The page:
If you have a TriCaster 40, the only physical video inputs are analog, and there are three types, in order of highest quality: component (aka YUV or Y, R-Y, B-Y), Y/C (S-Video) and composite. If you choose to have analog-only camera sources to connect to a TriCaster 460 or TriCaster 8000, the same options apply in the same quality priority.
Both HDMI and SDI are capable of sending pristine digital HD video from your HD camera to your TriCaster. Some current HD cameras have only one connection or the other while some have both. If you already own a TriCaster with SDI inputs, and your cameras also offer SDI, then that is the best connection. If you own a TriCaster with SDI inputs but would like to connect very inexpensive cameras to them, that is still possible using converter boxes that go from HDMI to SDI for about US$300 each.
On the other hand, if you have an HDMI version of the TriCaster Mini, you can easily connect cameras with HDMI output, at least if they are within the range of NewTek’s 100-foot (30.48 meters) bundle of four cables for US$495 (which works out to cost US$123.75 each, just for reference purposes). But you can also connect SDI cameras to the HDMI version of the TriCaster Mini using converter boxes, which cost about US$300 each.
If you plan to use full CCUs (camera control units) which are covered in more detail in the next section, then the connection between the cameras and the CCU could be multicore or fiber optic. That will be irrelevant for the TriCaster since a modern CCU will have either HDMI or SDI output.
CCU: Camera Control Unit
CCU is an acronym that stands for camera control unit. Traditionally, many TV studios have used a full CCU not only to control many aspects of each camera remotely but in some cases to convert the signal.
Example of a full CCU from Sony
Full camera control units typically connect to the camera via multicore or fiber optic cables, and then have a more standard output to connect to the video mixer (“switcher”). Nowadays, those connections would likely be SDI or HDMI.
The CCU makes it much easier to set the ideal exposure, white balance, and other settings to optimize and match the cameras from your seat at the TriCaster. Although TriCaster, fortunately, features proc amps (a short name for processor amplifiers) to tweak each camera source, the best quality and signal-to-noise ratio is achieved by optimizing the signal first at the camera and then finally doing fine tweaks in the TriCaster’s proc amp.
Example of a mini CCU from Sony
Beyond the full CCU (which actually receives the signal from the camera and delivers it on its output), there is another type of CCU called a mini CCU which controls the camera remotely but does not receive or deliver the camera’s signal.
Mini CCU from Datavideo to control up to four Sony supported cameras. Datavideo also offers similar models for JVC and Panasonic cameras.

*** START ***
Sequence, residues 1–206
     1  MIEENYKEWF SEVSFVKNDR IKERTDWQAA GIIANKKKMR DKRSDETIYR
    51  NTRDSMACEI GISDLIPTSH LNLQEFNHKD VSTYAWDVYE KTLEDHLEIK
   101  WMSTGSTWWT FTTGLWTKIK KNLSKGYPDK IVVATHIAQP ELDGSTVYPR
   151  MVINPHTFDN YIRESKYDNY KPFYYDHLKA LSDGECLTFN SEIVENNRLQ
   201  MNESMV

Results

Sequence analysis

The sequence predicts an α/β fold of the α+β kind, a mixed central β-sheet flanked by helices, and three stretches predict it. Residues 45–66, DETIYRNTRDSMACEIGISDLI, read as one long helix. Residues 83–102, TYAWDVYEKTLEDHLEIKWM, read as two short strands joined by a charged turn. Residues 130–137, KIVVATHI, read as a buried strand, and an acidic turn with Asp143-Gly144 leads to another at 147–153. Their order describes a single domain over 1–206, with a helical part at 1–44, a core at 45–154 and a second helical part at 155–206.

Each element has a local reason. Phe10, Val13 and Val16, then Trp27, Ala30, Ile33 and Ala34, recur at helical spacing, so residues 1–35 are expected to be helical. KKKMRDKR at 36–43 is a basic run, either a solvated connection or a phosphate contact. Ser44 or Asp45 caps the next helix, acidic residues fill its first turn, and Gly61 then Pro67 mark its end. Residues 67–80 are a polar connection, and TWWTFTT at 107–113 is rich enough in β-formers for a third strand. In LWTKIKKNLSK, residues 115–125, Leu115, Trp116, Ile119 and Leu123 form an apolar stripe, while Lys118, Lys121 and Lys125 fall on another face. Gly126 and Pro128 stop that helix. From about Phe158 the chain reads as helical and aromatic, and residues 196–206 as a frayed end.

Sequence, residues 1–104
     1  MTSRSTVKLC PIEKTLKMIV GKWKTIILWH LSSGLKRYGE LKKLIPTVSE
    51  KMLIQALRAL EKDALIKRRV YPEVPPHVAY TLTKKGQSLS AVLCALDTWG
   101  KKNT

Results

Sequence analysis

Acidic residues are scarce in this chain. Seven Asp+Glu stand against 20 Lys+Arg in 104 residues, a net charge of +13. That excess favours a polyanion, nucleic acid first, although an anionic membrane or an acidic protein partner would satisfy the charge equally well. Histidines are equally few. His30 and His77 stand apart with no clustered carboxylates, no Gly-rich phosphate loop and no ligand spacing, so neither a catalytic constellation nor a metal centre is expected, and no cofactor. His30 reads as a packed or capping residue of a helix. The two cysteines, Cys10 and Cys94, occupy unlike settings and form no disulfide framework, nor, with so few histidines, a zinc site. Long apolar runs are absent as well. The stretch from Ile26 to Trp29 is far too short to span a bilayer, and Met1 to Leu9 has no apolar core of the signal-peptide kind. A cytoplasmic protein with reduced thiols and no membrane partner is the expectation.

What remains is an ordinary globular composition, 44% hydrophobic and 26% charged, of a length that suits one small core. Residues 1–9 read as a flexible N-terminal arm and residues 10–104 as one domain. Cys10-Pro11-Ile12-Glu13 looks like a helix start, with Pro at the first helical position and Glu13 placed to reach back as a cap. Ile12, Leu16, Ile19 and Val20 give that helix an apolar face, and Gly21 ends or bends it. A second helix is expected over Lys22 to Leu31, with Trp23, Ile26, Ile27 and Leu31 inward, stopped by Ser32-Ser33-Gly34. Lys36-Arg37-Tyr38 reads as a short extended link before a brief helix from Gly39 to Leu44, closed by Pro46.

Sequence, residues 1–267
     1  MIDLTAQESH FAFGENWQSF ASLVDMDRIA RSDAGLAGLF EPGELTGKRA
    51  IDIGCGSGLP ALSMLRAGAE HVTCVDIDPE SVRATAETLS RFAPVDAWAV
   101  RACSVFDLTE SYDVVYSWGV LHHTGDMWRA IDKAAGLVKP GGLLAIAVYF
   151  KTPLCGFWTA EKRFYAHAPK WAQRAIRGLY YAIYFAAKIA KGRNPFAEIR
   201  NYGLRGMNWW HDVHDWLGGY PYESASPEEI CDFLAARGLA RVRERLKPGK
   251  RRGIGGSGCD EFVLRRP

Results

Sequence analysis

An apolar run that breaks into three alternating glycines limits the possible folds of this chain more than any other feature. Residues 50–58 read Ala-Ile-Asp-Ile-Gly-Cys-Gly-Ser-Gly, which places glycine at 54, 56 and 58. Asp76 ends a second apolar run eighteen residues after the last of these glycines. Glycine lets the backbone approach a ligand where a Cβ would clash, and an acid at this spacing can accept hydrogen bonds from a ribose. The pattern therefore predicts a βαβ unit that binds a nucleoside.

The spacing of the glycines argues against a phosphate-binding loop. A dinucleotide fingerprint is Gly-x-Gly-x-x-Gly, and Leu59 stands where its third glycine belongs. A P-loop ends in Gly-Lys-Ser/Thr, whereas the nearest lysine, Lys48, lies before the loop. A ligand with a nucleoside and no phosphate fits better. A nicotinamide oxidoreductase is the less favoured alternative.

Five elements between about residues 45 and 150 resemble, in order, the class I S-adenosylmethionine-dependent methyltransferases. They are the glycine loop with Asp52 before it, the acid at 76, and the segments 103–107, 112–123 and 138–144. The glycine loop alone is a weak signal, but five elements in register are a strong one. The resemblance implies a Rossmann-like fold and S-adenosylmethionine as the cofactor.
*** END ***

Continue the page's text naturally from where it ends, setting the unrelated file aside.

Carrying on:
Both full and mini CCUs are valuable tools, but neither one of them is absolutely necessary.
Some cameras are specifically made for studio use and come from the factory with intercom connections. Other cameras have an optional “studio configuration” or studio accessories. However, if you decide to use human camera operators, you don’t have to purchase a camera designed with this feature, since there are third-party intercom systems that can be used with any camera, or even with no camera at all, in the case of a floor manager in a studio.
This Datavideo ITC-100 Intercom Base Station & 4-User Headset/Beltpack Kit which costs about US$1100 and can be expanded.
Tally lights are special indicators that visually show which camera is “on air” at any given moment, both for the talent in front of the camera as well as to the camera operator (if there is one) to the rear.
Tally Lights LLC is a company from Michigan that manufacturers tally lights and adapters made specifically for different TriCaster models.
Resolutions: Spatial vs. Temporal
There is much confusion about the word resolution, what it means and how it is measured. Some people erroneously believe that the only way to measure resolution is in quantity of pixels. First, I’ll explain the huge difference between spatial resolution versus temporal resolution. Then, I’ll clarify something even more fundamental: the difference between resolution and sharpness.
Spatial resolution is indeed measured in quantity of pixels. Some examples of television resolutions include:
The adjective temporal within the term temporal resolution is related to the word time. Followers of the TV series Star Trek, The Next Generation will recall the frequent use of the term temporal in that sense. In the video and television worlds, temporal resolution usually refers to the frame rate per second, although sometimes in the case of interlaced video, it refers to the field rate per second. (More about that in the next section.)
The reason it’s called temporal resolution is because the more frames per second (i.e. the higher the frequency), the more information is captured… and the more fluid the movement is perceived. Of course, that difference of perception of movement is much more noticeable when the content is dynamic, and much less noticeable when it’s static (as with a talking heads TV show) as we’ll cover later in this article. Some examples of different types of standard temporal resolution are listed here: